American Psychological Associa Republicans Arthur Evans CEO California Israel Afghanistan
"american psychological association" Discussed on KTAR 92.3FM

KTAR 92.3FM

05:40 min | 2 years ago

"american psychological association" Discussed on KTAR 92.3FM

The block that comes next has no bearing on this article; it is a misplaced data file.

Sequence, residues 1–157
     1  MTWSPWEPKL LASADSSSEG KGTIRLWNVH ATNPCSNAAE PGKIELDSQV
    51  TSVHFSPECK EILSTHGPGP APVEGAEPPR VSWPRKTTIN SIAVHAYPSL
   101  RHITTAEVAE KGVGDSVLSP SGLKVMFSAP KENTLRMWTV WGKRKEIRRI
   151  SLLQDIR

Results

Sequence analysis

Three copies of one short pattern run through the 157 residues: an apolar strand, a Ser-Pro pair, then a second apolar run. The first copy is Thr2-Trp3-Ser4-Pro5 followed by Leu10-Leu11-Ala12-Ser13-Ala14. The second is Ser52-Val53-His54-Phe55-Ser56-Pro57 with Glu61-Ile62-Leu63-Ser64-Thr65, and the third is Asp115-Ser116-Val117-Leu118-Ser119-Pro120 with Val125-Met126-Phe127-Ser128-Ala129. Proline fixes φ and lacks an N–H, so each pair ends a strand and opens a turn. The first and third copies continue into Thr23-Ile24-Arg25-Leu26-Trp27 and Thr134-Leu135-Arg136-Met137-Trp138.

"A survey by the American Psychological Association finds that two thirds of Americans Say the election is a significant source of stress. What exactly are people stressed about? And how can they cope? We're joined now by Lee Richardson, founder of the Brain Performance Center in Dallas. Lee, What are you hearing? I'm hearing it. Everybody is stressed out. I've done more stress management sessions in the last month and I have in the last year. Wow. So what are people saying? Like what? What's actually stressing them out is that the candidates is this. The messaging is a television or what is it? I think it's everything I mean, I saw her being online with 70% of American Adults report that the future of our nation is a significant source of stress. 72% 2020 is at the lowest point in our nation's history that they can remember. But but I think it's everything. I think it's don't think it's just one thing. I think we've all been touched with uncertainty, and that has left a lot of us with despair. You know, we we are adaptive systems on mental on our physical systems that we use to help us get through highly stressful situations. They're depleted. Take away the pandemic. What's your experience say, or we still has stressed about the election. I think we are because we look at things like job recovery and health care insurance and Health care insurance. I think it's become more important in the last few lattes and many people that have been ableto work lost her job. So I think that this election our personal values are really tied in, and I think that New for a lot of it. So four years ago, when we were choosing a new president, no matter what was, it's still a stressful with with the two candidates involved. I think it was stressful, but I think there was less anger because this in this election anger it everywhere. You know, there's anger. Over the cove. It violence and there's anger over the race Demonstrations and people are angry because people won't physically distant for where the mask so I think we're different. If that layer of anger we're speaking with Lee Richardson, she's the founder of the Brain Performance Center in Dallas. And we're talking about coping with election stress for some of these folks, What do you recommend here? If they're if they're feeling overwhelmed, I think way all need big step that were stressed out right now, and stress is not the same for everybody, and we don't experience it in the same way. Instead of resisting our fighting it we direct that energy. Apply that energy into something that's really important to you. Some people can't escape that right there. Just consumed by it. What's what's their path? Well, I think you're right. And I think that those people that need to spend a little time on self management, you know, start a reflection. Ask yourself what can I learn from this? Because she'd become more self aware of your values and what you're grateful for being more focused on the positive and the negative. The sun comes up tomorrow. Regardless, right. Like I try to put this in perspective, I don't feel the stress like I still have a fishing trip planned with my high school guys like in two weeks. I'm still going regardless of who wins the election. You know what I mean? And, you know, I think that's so important. Gordon. People need three things one. They need something to do. Two. They need something to love and three. They need something to look forward to. So for you, and for those who are wrestling with this The stress doesn't end November 3rd. Or whenever we get the final results, right? Now or then I think we have to recognize the importance of self care. You know, a lot of times I'll ask myself Okay. Where do I get my energy from? Or if I'm really struggling? What kind of damn times do I need? Because the rhythm of my life and I'm sure a lot of people live got really good. Destructed. So what? What's my rhythm What I need right now, and a lot of the things that I used to do for self care has been taken away from me. I've got to get creative. I've gotta rethink my options. A friend of mine that really good suggestion to me, because what I really miss. I love going out to eat in restaurants and one of you subscribe to a milk. It's service. You'll be more motivated to cook and you'll enjoy it because it's so much a here and you know what she was right. So to your point that's almost like suggesting somebody find a hobby. Find something to do. Absolutely long a new skill and what YouTube has anybody can learn a new skill. Thanks. Lee Lee Richardson, founder of the Brain Performance Center in Dallas. Coming up next. What happens during the winter months to these popular pop up music events? When it comes to mobility. Michigan is making what the rest of the world hasn't even thought of. Yet. Our state is home to two world class autonomous vehicle testing sites, and we're first in the U. S. For mobility related patents with over 500 miles of roadway equipped for connected vehicle testing. It's no wonder that everyone is moving to where it all started. So if you're ready to move into the future with your mobility business, visit planet m dot com slash pure hyphen opportunity. Do you think all vitamin C's of the.